5.19: HardyWeinberg Theorem
Why is balance important?
To these individuals, the importance of maintaining balance is obvious. If balance, or equilibrium, is maintained within a population's genes, can evolution occur? No. But maintaining this type of balance today is difficult.
The HardyWeinberg Theorem
Godfrey Hardy was an English mathematician. Wilhelm Weinberg was a German doctor. Each worked alone to come up with the founding principle of population genetics. Today, that principle is called the HardyWeinberg theorem. It shows that allele frequencies do not change in a population if certain conditions are met. Such a population is said to be in HardyWeinberg equilibrium. The conditions for equilibrium are:
 No new mutations are occurring. Therefore, no new alleles are being created.
 There is no migration. In other words, no one is moving into or out of the population.
 The population is very large.
 Mating is at random in the population. This means that individuals do not choose mates based on genotype.
 There is no natural selection. Thus, all members of the population have an equal chance of reproducing and passing their genes to the next generation.
When all these conditions are met, allele frequencies stay the same. Genotype frequencies also remain constant. In addition, genotype frequencies can be expressed in terms of allele frequencies, as the Table below shows. For a further explanation of this theorem, see Solving Hardy Weinberg Problems at http://www.youtube.com/watch?v=xPkOAnK20kw.
Genotype  Genotype Frequency 

AA  p^{2} 
Aa  2pq 
aa  q^{2} 
Hardy and Weinberg used mathematics to describe an equilibrium population (p = frequency of A, q = frequency of a): p^{2} + 2pq + q^{2} = 1. In Table above, if p = 0.4, what is the frequency of the AA genotype?
A video explanation of the HardyWeinberg model can be viewed at http://www.youtube.com/user/khanacademy#p/c/7A9646BC5110CF64/14/4Kbruik_LOo (14:57).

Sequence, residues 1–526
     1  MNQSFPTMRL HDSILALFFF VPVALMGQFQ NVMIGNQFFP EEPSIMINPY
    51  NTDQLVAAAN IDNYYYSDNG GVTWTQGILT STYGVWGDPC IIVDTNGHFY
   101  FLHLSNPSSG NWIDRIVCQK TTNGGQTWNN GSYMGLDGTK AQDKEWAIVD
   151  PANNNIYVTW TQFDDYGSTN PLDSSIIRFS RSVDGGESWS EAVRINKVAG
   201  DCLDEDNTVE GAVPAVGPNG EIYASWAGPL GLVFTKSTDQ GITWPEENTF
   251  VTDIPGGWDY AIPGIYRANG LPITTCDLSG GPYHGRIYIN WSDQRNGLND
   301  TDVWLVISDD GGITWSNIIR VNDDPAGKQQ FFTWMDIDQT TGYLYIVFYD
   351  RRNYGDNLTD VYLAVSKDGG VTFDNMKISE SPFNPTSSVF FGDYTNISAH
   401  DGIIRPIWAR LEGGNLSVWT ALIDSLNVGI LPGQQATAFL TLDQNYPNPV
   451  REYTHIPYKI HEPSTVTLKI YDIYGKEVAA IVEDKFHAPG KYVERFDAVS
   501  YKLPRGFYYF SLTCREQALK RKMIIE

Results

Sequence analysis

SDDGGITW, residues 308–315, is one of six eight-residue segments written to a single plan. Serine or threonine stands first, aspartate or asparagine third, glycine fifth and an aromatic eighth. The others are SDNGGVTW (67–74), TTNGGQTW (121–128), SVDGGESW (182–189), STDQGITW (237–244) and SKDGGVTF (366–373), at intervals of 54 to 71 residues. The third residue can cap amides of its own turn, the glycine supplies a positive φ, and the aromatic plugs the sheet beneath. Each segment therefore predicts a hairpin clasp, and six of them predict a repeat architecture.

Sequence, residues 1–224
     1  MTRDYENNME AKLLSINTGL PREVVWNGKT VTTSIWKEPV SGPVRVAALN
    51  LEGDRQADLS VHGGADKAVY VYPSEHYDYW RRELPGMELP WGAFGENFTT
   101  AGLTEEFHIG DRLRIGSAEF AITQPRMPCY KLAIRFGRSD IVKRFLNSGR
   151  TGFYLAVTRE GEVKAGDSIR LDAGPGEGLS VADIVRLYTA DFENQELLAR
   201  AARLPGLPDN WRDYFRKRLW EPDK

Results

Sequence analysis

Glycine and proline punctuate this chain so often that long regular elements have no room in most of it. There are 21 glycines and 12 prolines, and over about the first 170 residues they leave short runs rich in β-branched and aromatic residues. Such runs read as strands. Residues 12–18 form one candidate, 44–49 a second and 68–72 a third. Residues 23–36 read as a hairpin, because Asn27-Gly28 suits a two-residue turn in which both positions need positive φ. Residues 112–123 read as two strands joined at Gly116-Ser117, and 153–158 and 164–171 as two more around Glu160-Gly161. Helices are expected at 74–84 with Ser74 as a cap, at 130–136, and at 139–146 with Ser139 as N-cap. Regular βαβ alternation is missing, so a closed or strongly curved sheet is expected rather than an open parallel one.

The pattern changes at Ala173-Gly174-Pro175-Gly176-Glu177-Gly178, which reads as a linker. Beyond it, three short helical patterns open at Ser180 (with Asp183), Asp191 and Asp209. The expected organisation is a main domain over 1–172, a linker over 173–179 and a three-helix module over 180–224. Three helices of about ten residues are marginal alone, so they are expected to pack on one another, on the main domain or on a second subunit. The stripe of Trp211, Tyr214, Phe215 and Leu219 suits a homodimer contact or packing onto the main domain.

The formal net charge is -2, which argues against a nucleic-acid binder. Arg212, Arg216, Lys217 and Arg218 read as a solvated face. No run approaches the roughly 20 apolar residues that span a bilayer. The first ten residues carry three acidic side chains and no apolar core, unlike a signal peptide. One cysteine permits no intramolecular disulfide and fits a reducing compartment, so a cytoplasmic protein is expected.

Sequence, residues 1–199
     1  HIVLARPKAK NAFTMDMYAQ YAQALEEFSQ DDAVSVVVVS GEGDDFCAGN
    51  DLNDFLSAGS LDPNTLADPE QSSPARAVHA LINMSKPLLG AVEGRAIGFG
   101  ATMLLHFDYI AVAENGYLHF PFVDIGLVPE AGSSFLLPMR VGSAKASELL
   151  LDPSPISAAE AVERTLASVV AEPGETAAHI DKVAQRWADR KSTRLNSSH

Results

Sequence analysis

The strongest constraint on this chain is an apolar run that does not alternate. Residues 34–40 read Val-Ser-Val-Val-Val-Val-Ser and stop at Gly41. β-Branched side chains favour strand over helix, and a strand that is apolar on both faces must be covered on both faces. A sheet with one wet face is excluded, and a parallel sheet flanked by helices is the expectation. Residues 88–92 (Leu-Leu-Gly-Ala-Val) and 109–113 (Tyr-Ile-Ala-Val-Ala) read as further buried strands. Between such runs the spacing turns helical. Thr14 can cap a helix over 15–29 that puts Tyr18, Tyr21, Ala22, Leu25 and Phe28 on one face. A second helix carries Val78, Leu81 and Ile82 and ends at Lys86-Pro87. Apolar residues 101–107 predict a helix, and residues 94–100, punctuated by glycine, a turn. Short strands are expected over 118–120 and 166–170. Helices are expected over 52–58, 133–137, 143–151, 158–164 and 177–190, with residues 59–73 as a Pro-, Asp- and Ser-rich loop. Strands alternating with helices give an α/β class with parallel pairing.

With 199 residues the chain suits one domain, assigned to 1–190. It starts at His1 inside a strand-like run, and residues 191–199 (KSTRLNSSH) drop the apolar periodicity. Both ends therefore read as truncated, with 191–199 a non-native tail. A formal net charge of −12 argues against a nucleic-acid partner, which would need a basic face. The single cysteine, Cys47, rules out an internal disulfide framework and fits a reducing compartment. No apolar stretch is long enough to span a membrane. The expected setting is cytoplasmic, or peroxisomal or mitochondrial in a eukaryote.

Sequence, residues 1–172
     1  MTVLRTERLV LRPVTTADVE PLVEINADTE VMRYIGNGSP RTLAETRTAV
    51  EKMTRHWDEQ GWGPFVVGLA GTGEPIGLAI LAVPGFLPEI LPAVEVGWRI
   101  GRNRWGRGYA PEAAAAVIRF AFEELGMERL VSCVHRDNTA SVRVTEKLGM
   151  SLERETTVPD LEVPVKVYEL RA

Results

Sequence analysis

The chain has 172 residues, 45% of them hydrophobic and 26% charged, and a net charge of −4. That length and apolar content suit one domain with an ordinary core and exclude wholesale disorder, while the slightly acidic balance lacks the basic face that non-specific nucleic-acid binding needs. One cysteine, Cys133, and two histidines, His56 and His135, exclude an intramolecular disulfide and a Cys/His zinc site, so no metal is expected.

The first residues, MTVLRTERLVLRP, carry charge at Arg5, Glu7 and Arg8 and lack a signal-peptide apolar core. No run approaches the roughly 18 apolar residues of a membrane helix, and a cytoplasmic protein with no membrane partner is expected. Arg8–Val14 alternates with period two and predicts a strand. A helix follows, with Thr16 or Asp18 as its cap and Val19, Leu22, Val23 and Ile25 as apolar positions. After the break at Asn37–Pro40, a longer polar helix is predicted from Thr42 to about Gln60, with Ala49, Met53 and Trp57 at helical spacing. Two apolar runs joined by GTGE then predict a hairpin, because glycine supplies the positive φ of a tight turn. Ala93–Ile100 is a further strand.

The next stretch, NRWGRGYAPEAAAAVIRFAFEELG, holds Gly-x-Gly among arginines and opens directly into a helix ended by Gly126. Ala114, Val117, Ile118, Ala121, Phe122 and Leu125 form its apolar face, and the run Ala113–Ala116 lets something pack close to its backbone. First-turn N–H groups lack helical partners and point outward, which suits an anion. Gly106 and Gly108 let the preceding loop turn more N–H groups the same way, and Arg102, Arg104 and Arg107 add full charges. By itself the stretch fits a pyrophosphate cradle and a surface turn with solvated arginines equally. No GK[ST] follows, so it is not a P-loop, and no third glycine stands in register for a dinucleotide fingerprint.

Summary
 The HardyWeinberg theorem states that, if a population meets certain conditions, it will be in equilibrium.
 In an equilibrium population, allele and genotype frequencies do not change over time.
 The conditions that must be met are no mutation, no migration, very large population size, random mating, and no natural selection.
Practice
Use this resource to answer the questions that follow.

http://www.hippocampus.org/Biology
→ Biology for AP*→ Search: Population Genetics
 Describe the HardyWeinberg equation. What is the equation?
 What are the requirements for a population to be at equilibrium?
 What do p^{2}, q^{2} and 2pq refer to?
Review
1. Describe a HardyWeinberg equilibrium population. What conditions must it meet to remain in equilibrium?
2. Assume that a population is in HardyWeinberg equilibrium for a particular gene with two alleles, A and a. The frequency of A is p, and the frequency of a is q. Because these are the only two alleles for this gene, p + q = 1.0. If the frequency of homozygous recessive individuals (aa) is 0.04, what is the value of q? Based on the value of q, find p. Then use the values of p and q to calculate the frequency of the heterozygote genotype (Aa).
HardyWeinberg equilibrium
State where allele frequencies do not change in a population.HardyWeinberg theorem
Founding principle of population genetics; proves allele and genotype frequencies do not change in a population that meets the conditions of no mutation, no migration, large population size, random mating, and no natural selection.migration
Regular movement of individuals or populations each year during certain seasons, usually to find food, mates, or other resources.Image Attributions
 State the HardyWeinberg theorem.
Concept Nodes:
HardyWeinberg equilibrium
State where allele frequencies do not change in a population.HardyWeinberg theorem
Founding principle of population genetics; proves allele and genotype frequencies do not change in a population that meets the conditions of no mutation, no migration, large population size, random mating, and no natural selection.migration
Regular movement of individuals or populations each year during certain seasons, usually to find food, mates, or other resources.